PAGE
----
Azeri, etc. in Arabic script (sometimes even Kazak) were liberally
using the grammatical forms of each other's languages, since literary
norms for each separate literary language had not yet developed at
that time (quite different norms were established only later in the
Soviet period)." [from Uli Schamiloglu].
If the Soviet Union was not created and the Turkic peoples were free
to form their own national states after the end of the Czarist
empire such as the states of Idil-Ural (Tatars & Bashkirs together),
Crimean-Tatar, Turkistan (including the Chinese Turkistan), a kind of
federation in the Caucasus between the Turkic and other peoples, and
if the majority of the Turks have followed the path of Gaspirali
Ismail Bey "Tilde, ishde, fikrde birlik!", there would be more
possibility to form a "common Turkic literary language" for the
majority of the Muslim Turks, excluding the Chuvash, Siberian Turkic
languages, and Yakut. However, the political developments in the
first half of the 20th century have not allowed such development.
Therefore, history has provided more kind (favorable) conditions to
both Arabic and Chinese languages that they could evolve into a
"common Arabic" and a "common Chinese" languages, but not the Turkic
languages although there was a period of "common Turkish literary
language" between the 8th and the 13th centuries.
However, there should not be a kind of hard feeling among the members
of the Turkic peoples today. We have to accept and understand this
historical development for the present 21 Turkic literary languages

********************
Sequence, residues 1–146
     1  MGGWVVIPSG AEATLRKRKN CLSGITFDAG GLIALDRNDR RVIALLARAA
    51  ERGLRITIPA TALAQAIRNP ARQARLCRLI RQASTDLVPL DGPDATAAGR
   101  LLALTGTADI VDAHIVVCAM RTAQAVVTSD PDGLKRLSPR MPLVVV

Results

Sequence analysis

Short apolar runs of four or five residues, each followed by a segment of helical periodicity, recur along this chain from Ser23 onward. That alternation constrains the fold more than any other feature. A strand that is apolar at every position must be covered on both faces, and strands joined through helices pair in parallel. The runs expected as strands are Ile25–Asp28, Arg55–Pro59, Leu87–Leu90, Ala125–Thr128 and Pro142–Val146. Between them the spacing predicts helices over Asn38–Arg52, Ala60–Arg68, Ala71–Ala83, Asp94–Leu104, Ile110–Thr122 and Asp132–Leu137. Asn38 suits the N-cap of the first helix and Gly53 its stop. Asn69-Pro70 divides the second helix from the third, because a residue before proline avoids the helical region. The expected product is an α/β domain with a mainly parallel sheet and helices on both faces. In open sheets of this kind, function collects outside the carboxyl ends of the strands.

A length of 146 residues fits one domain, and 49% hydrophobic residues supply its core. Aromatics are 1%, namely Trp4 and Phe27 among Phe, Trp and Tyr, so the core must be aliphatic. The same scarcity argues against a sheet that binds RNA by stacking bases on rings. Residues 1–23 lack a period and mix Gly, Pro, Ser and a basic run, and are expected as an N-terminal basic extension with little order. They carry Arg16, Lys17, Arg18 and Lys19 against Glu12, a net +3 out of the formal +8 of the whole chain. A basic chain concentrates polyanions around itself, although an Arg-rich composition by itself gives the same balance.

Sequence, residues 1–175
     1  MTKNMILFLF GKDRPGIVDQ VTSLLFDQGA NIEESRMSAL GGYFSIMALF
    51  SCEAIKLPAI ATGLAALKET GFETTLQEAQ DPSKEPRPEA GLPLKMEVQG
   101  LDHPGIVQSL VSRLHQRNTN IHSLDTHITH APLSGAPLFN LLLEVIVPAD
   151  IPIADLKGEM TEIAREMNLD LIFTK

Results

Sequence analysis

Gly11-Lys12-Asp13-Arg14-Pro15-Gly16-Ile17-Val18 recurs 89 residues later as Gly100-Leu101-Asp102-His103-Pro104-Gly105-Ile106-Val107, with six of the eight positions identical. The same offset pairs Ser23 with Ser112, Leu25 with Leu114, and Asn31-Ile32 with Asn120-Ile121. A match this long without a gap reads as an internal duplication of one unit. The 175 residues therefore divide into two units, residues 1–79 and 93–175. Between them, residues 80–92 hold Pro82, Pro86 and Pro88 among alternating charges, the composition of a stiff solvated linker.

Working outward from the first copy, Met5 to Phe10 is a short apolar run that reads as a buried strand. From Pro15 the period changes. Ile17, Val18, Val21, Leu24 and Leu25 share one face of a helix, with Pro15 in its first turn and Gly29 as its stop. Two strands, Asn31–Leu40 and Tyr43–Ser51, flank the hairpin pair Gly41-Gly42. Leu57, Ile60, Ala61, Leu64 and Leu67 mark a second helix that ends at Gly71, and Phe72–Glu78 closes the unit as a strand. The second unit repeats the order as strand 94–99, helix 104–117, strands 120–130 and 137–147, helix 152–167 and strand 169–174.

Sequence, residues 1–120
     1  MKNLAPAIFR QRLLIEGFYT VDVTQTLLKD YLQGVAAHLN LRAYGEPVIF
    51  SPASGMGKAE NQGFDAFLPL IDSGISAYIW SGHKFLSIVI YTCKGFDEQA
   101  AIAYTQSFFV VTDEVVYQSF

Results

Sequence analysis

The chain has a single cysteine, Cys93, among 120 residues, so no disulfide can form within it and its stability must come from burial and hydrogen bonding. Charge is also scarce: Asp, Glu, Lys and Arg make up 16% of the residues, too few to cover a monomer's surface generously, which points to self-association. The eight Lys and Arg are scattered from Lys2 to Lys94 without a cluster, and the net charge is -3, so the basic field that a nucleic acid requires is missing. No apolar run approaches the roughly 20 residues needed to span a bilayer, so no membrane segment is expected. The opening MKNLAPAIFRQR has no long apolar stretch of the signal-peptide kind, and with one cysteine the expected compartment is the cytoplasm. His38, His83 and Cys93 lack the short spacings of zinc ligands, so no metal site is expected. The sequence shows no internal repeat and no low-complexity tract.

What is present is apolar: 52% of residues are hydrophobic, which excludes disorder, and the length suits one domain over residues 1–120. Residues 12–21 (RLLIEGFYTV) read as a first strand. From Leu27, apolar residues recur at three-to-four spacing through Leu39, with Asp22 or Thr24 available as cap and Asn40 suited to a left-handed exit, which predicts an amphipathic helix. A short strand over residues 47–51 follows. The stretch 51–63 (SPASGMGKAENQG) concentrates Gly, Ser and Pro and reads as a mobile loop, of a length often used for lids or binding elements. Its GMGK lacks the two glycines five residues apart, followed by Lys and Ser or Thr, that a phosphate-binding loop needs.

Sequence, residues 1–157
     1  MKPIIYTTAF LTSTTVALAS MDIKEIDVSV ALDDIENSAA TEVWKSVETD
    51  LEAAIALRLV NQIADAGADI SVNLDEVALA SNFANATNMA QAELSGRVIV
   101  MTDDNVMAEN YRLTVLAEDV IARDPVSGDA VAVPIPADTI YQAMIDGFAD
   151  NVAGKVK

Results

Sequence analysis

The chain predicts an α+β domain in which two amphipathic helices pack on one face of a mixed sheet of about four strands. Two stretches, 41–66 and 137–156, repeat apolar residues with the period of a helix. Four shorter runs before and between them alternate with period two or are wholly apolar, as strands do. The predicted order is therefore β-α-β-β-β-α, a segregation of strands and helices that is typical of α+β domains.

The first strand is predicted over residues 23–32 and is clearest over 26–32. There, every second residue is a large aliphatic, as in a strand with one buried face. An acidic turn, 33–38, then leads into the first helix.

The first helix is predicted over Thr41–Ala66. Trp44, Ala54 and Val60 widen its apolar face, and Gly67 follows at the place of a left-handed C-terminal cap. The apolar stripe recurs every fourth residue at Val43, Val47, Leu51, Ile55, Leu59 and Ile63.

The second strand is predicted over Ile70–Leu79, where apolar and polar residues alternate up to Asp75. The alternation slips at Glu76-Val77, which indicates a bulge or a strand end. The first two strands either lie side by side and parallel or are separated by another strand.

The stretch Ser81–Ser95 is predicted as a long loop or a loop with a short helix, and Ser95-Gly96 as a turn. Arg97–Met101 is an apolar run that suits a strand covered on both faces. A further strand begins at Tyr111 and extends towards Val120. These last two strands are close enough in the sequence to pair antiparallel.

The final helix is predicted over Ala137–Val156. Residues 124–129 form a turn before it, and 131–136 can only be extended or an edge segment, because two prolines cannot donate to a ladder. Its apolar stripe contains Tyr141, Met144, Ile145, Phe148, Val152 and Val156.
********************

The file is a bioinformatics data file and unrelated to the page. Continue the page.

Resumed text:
in the world (with many more spoken Turkic languages in Iran,
China, Siberia, etc.). Despite these "negative" developments in the
view of a "common Turkic language", Tatars, Bashkirs, Ozbeks,
Uyghurs, Qazaqs, Qirghiz, Turkmens, Karays, Karachay-Balkars, Kumuks,
Nogays, Azerbayjanis, Turkey Turks could understand each other to
various levels depending on their mutual comprehension. As an Ozbek,
I have no problem to read and understand the literary texts from
Uyghur to Tatar, from Qazaq to Azerbaijani. Why should I hold myself
from reading Tatar literature? I don't want to miss not only the
beautiful literary expressions of the Tatar language, but the ideas &
thoughts of the Tatar intellectuals as follows:
(The capital letter "I" is used for the back vowel "i" = hard i,
and the capital "L" is used for normal "l" letter when there is
capital "I = hard i" letter before or after it):
"Xezér Idél tamagInda da xörriyet kanat ceya, örkétélgen,
mingéreületélgen tatar kabat uyanIrga, yaralarIn devalarga kImshana
bashlagan iken, digen xeberler kile. Niche diste éldan song bérénché
mertebe sabantuy beyremé uzdIrILgan, bish-altI avIL mektebénde atnaga
ikésher segat tatar télé-edebiyatI ukItIrga kéréshélgen, ölke
üzegénde Tatar medeni cemgIyeté korIgan, éshné tagIn da kingrek ceép
ciberérge bélgéchler citéshmi. Estérxan yagI zur ömétler bélen
Tatarstanga karIy: savIgIrga, térneklenérge Kazan yardem itermé?
Belki shushI bérdemlik xisé bézge xerabeler arasInnan kalkIp
chIgarga, tarixi vatanIbIznIng her tarafInda yanga matur binalar
korIrga, chechkeler üstérérge mömkinlék birer? Küz kurkak, kul batIr
- monga xalkIbIznIng küp gasIrLI tarixi da shahit - béz indé niche
mertebe köl bulgannan song göl bulgan xaLIk labasa!"
from Teüfik Eydi, "Yörte Bézné YazmIshlar" Kazan: "Avaz", 1999;
Associate Professor of Central Asian Studies
College of Arts & Sciences
Cayir Cad. 5, Istinye 80860, Istanbul, Turkey
Office Phone# (90-212) 229-3006 (Ext. 422)
Office Fax# (90-212) 229-0680
Home Page: http://home.ku.edu.tr/~kocaoglu/